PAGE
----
Nitric oxide (NO) exerts vasodilatatory, antiplatelet, antioxidant, and antiproliferative effects. Endothelium-derived NO has been shown to be of crucial importance in cardiovascular protection, whereas evidence thatNOis synthesized by platelets and regulates platelet function is still controversial. By using a sensitive and specific fluorescent probe, 4-amino-5-methylamino-2',7'-difluorofluorescein diacetate (DAF-FM), we visualized NO production in individual platelets undergoing adhesion on a collagen substrate under flow conditions. NO production, monitored in real time, was dependent on the shear rates applied, increasing with the raising of the shear rates. Furthermore, NO production increased in the presence of L-arginine (nitric-oxide synthase [NOS] substrate), and it decreased in the presence of L-NG-monomethyl arginine (L-NMMA) (NOS inhibitor) but not of D-NG-monomethyl arginine (D-NMMA) (L-NMMA-inactive enantiomer). Platelet deposition, measured with mepacrine-labeled platelets, was inversely related to NO production. A correlation was evident between Ca++ elevation and NO production, suggesting that platelet NO formation is triggered by intracytoplasmic Ca++ elevation. Simultaneous measurement of NO and Ca++ indicated that NO production in individual platelets is preceded by Ca++ elevations,with a lag phase of 33 ± 9.5 s.Our studies provide the first direct demonstration of platelet NO production triggered by the interaction with an activating surface under flow and suggest that intraplatelet Ca++ elevation elicits the production of NO which, in turn, modulates thrombus size.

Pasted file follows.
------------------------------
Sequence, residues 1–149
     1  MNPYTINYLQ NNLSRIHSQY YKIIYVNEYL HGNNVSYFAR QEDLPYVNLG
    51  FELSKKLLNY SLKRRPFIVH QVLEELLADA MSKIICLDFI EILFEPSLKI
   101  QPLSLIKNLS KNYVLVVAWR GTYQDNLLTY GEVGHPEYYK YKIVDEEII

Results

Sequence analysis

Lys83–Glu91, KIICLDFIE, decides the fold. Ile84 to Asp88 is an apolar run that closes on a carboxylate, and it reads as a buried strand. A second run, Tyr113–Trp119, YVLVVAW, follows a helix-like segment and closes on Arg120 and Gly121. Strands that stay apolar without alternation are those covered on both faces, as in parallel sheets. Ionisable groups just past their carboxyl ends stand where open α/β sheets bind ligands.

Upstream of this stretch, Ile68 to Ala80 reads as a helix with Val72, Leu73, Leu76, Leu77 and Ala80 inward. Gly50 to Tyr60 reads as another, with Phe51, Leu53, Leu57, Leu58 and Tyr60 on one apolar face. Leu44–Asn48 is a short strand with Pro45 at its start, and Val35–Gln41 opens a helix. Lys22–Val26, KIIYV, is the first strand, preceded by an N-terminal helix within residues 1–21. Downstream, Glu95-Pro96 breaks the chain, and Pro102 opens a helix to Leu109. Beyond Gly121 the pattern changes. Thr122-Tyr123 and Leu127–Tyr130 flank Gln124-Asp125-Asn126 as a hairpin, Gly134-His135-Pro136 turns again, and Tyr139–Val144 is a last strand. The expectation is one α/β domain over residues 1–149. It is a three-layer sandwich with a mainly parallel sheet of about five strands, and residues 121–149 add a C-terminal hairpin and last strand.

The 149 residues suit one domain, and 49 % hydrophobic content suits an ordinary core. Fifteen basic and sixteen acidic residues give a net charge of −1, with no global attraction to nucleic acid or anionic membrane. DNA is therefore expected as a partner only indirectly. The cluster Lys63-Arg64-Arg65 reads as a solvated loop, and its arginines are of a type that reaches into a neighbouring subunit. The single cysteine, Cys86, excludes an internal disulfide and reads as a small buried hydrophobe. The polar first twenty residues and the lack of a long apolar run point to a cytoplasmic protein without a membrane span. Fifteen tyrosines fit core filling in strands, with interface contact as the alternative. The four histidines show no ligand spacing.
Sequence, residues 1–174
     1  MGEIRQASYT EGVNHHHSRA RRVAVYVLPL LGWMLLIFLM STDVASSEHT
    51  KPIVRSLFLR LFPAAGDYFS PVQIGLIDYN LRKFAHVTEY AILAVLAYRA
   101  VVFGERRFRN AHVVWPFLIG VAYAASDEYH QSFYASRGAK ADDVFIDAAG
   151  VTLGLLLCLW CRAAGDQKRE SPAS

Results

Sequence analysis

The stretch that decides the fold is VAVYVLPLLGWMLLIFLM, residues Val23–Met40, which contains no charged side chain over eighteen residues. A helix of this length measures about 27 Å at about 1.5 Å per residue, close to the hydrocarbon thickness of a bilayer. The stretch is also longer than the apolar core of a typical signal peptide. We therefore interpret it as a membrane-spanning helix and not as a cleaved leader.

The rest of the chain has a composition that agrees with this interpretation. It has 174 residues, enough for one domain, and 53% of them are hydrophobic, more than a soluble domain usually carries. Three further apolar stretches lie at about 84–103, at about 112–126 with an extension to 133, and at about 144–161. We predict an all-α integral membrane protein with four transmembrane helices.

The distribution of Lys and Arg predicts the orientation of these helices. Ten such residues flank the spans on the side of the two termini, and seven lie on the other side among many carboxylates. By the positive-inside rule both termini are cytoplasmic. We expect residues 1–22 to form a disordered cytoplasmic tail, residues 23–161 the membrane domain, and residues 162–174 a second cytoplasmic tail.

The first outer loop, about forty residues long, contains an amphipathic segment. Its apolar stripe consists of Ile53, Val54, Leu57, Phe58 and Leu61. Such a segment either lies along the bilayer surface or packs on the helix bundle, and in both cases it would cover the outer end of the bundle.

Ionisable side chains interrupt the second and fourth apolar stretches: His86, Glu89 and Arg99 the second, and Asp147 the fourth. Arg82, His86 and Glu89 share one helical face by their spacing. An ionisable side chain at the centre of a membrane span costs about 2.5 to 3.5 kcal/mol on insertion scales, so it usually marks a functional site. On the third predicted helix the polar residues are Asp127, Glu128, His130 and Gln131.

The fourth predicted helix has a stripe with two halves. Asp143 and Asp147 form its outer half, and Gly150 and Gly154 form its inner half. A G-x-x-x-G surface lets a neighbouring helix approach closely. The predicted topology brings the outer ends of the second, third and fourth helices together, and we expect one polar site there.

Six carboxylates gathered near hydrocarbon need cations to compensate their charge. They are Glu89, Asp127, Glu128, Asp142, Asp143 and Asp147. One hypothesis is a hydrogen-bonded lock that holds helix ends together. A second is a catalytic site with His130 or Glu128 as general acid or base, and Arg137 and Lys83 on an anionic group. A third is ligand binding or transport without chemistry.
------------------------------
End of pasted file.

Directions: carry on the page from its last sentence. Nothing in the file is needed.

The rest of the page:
ASJC Scopus subject areas
- Cell Biology